Standout track: “Losing my religion”

Categories
Vinyl

Vinyl love: R.E.M. “Automatic for the people”

(Vinyl Love is a series of posts that quite simply lists, describes, and displays the pieces in my growing vinyl collection. You can bet that each record was given a spin during the drafting of each corresponding post.)

Artist: R.E.M.
Album Title: Automatic for the people
Year released: 1992
Year reissued: 2017
Details: 25th anniversary, 180 gram vinyl

The skinny: Unlike the focus of last week’s ‘Vinyl love’ post in this mini R.E.M. series, there was no hesitation in pulling the pre-order trigger when the 25th anniversary vinyl reissue of the band’s eighth studio album was announced. Much like the other two we’ve seen thus far, it was pressed to 180 gram vinyl and remastered, this time from the original analog masters, and man, does it sound great. “Automatic for the people” was recorded by the band while its predecessor was still climbing the pop charts and further making the band a household name. This one also did very well critically and commercially but it’s noticeably darker and in my mind, more cohesive. “Automatic” is, without comparison, my favourite R.E.M. album. Each side is perfectly balanced. I love every tune. There are no weak links. I have spun it countless times since I received it in the post almost five years ago and I imagine it will forever remain the record by this band that will hit my turntable the most.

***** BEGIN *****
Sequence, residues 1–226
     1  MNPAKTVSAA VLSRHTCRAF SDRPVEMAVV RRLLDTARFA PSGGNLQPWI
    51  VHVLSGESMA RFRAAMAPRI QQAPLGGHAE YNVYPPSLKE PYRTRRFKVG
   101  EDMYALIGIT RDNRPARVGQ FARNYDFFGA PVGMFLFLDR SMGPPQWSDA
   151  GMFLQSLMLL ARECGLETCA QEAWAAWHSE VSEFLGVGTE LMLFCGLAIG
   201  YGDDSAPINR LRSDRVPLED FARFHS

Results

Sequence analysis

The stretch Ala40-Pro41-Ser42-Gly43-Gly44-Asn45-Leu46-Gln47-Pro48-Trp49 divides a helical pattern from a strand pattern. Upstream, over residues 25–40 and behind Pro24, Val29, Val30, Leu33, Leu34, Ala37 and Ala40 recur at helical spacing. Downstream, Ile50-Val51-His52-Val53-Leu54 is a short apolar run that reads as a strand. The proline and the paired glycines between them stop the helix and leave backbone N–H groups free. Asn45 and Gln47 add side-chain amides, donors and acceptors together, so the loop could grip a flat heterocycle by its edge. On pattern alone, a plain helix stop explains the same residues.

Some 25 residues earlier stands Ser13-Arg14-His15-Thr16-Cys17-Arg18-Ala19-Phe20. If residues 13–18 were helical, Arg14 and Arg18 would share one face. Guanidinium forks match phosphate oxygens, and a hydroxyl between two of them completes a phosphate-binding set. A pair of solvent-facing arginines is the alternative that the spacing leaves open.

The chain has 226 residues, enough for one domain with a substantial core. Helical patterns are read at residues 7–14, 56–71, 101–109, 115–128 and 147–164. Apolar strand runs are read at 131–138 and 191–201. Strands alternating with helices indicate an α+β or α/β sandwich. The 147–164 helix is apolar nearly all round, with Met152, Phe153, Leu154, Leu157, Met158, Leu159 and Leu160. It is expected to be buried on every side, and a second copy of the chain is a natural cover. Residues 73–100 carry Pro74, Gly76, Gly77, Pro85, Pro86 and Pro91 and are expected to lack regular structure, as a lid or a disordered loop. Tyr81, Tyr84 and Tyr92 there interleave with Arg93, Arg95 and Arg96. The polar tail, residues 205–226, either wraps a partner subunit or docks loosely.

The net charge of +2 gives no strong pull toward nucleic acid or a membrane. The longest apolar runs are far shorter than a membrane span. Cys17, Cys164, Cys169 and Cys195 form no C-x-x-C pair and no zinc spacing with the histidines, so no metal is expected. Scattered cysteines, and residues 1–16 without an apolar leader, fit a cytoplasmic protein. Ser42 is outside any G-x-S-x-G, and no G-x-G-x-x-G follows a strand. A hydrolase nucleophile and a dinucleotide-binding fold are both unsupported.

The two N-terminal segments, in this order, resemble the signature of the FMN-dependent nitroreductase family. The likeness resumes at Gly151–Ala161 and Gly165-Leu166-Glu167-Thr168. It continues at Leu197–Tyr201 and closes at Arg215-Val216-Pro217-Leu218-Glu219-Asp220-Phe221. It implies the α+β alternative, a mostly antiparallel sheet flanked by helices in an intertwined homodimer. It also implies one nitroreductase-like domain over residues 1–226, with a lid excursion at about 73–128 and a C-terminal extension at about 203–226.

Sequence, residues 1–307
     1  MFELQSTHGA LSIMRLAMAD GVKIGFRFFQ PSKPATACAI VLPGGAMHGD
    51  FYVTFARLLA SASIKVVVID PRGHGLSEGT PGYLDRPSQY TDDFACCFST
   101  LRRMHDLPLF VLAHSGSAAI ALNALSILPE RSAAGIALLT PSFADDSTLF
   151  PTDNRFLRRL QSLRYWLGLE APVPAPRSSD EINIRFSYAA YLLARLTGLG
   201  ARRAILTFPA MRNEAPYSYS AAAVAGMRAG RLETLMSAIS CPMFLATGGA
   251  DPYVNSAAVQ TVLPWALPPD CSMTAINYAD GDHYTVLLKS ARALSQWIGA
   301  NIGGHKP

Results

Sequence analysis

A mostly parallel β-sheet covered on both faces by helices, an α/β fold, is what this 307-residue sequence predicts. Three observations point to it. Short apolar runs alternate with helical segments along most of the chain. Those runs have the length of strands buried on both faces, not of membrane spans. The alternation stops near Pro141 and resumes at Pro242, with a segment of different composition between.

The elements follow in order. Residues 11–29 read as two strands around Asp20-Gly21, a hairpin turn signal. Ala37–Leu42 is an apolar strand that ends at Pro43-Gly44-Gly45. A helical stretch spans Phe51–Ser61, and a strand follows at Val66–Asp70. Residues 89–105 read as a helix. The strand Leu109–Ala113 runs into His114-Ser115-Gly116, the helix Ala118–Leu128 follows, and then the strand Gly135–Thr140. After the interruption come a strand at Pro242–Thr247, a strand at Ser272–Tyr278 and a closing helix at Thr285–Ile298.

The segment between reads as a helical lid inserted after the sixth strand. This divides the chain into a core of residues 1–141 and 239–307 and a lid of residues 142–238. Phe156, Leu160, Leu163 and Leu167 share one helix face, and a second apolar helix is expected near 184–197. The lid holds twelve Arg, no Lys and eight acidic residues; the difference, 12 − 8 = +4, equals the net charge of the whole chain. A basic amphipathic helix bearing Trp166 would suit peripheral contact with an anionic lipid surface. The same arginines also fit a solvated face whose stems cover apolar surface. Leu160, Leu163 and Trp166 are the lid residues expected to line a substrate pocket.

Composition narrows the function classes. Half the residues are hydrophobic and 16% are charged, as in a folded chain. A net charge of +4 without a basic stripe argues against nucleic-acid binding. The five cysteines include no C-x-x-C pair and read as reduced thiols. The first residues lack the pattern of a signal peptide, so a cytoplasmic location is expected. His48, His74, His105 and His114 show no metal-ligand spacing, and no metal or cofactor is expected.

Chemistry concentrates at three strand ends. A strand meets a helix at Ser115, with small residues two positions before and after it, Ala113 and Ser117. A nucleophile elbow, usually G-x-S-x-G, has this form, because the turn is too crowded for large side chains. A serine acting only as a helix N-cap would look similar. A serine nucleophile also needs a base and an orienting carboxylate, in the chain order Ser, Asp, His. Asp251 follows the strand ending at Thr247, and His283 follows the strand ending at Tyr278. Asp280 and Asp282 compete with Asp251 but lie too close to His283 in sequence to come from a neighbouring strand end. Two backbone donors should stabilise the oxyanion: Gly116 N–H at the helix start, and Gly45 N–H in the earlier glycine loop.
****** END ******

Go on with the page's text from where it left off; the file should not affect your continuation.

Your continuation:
Standout track: “Nightswimming”